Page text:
The rest of the paper is organized as follows: in section 2, we present a survey of related works. Section 3 gives the basic concepts of AspectJ. The main steps of the proposed strategy are discussed in section 4. Section 5 presents briefly collaboration diagrams. The proposed testing criteria are discussed in section 6. Section 7 presents the testing sequences generation technique and its illustration on a real case study taken on AspectJ web site [Ajws05]. Section 8 presents the verification process that we implemented and the used fault model. Section 9 illustrates the main functionalities of the developed tool. Finally, section 10 gives a general conclusion and some future work directions.

2  RELATED WORK

Alexander et al. discuss in [Alex04] various types of faults that could occur in aspect-oriented programs. They consider the new dimensions introduced by the integration of aspects into an object code. They propose a fault model including six types of potential sources of errors in an aspect-oriented program. This model constitutes, in our believe, an interesting first basis for developing testing strategies and tools for aspect-oriented programs. Ubayashi and Tamai [Ubay02] have proposed a model checking method for verifying whether or not an aspect-oriented program satisfies expected properties. Mortensen et al. present in [Mort04] an approach combining two traditional testing techniques: structural approach (white box coverage) and mutation testing. Aspects are classified according to whether they modify or not the state of a system. This technique mainly consists in discovering faults that are related to the code introduced by advice. The mutation operators are applied to the process that weaves advice to the object code.

Zhou et al. [Zhou04] suggest a unit testing strategy for aspects. Their approach is presented in four phases. The first step consists in testing classes to eliminate errors that are not related to aspects. Each aspect is integrated and tested individually in a second step. All aspects are integrated and tested in an incremental way. Finally, the system is entirety re-tested. This approach is based on the source code of the program under test. Moreover, Xie et al. [Xiet05] proposed a framework to generate automatically a set of unit tests by using the compiled AspectJ bytecode. In the same context, Zhao [Zhao02] proposes an approach based on control flow graphs. Three testing levels are applied to aspects and classes. The intra-module test is used to test an individual module such as an advice, an introduction, or one aspect/class method. The inter-module test consists in testing one public module in relation to the other modules, which it calls (directly or indirectly). The third testing level aims at testing a whole public module of an aspect or a class when it is randomly called. The strategy proposed by Zhao focuses on unit testing of aspect-oriented programs.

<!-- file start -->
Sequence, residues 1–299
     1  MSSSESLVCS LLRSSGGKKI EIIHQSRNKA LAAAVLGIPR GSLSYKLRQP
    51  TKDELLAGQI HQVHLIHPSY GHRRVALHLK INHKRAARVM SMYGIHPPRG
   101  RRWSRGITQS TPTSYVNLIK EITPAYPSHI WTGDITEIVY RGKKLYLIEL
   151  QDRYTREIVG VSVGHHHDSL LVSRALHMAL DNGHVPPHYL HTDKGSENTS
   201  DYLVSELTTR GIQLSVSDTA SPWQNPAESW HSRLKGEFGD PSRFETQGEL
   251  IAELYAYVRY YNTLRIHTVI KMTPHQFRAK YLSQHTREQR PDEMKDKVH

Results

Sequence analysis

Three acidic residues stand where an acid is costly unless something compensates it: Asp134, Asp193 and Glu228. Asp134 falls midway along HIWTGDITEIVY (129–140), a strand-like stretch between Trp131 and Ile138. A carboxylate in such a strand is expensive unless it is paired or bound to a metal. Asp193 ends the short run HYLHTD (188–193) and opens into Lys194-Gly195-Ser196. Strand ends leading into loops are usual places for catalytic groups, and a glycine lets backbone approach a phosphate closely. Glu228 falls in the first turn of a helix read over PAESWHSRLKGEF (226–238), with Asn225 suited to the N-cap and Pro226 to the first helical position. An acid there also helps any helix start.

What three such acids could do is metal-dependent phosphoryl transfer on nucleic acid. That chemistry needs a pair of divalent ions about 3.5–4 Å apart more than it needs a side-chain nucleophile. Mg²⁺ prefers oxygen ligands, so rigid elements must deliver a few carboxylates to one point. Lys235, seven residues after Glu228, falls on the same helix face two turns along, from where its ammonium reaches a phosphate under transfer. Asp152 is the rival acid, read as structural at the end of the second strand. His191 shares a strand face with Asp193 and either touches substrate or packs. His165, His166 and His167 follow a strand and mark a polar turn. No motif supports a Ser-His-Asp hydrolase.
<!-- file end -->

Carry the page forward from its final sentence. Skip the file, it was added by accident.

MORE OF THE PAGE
Moreover, other approaches focused on generating testing sequences using state diagrams [Badr05, Xud04, Xud05-1]. Such approaches focus on the behavior of a class where an aspect is weaved. Our research is related to the integration of one or more aspects to the behavior of a group of collaborating objects. The collaboration between several objects specifies how the objects interact dynamically in order to realize a particular task. The problem in this context comes from the aspects integration while they can affect the behavior of the collaboration. We must thus ensure that aspects are integrated correctly into the collaboration. When integrated to the control, aspects have the possibility to change the state of a system as stated in [Mort04]. Concerns implemented in aspects have the potential to extend the original behavior of a given collaboration. Xu [Xud05-2] uses a model-based approach to generate test cases based on interactions between aspects and classes. Their models include class diagrams, aspect diagrams and sequence diagrams. Sereni [Sere03] proposed a method for static analysis of aspects based on a syntactic model of pointcut designators using regular expressions.

3  ASPECTJ: BASIC CONCEPTS

AspectJ represents a seamless aspect-oriented extension of Java [Ajws05, Zhao04]. Eclipse (with AJDT) [Ajpg02] is a compiler as well as a platform supporting the development of AspectJ programs. AspectJ achieves modularity with aspect abstraction mechanisms, which encapsulate behavior and state of a crosscutting concern. It introduces several new language constructs such as introductions, jointpoints, pointcuts and advice. Aspects typically contain new code fragments that are introduced to the system. Aspects make it explicit where and how a concern is addressed, in the form of jointpoints and advice. Aspects execution depends upon context (control and data flow) provided by the core concerns represented by classes signature [Redd06]. Moreover, aspects have the possibility to make significant changes to the semantics of a core concern, especially with foreign aspects [Mcea05]. An aspect gathers pointcuts and advice to form a regrouping unit [Ajws05, Balt01, Xiet05]. An aspect is similar to a Java or C++ class in the way that it contains attributes and methods [Zhao04]. The essential mechanism provided for composing an aspect with other classes is called joint point [Zhao04]. Even more, join points are well-defined points in the execution in a program [Kicz01]. AspectJ makes it possible to define joint points in relationship to a method call or a class constructor [Balt01]. A pointcut is a set of joint points and aims of referring certain values at those joint points [Kicz01]. A pointcut can be built out of other pointcuts with logical operators (and, or, and not) [Masu03]. AspectJ includes a variety of primitive pointcut designators that identify join points in different ways. An advice is a method like abstraction used to specify the code to execute when a jointpoint is reached. It can also expose some of the values in the execution of a jointpoint. Pointcuts and advice define integration rules. For more details see [Ajpg02. Ajws05].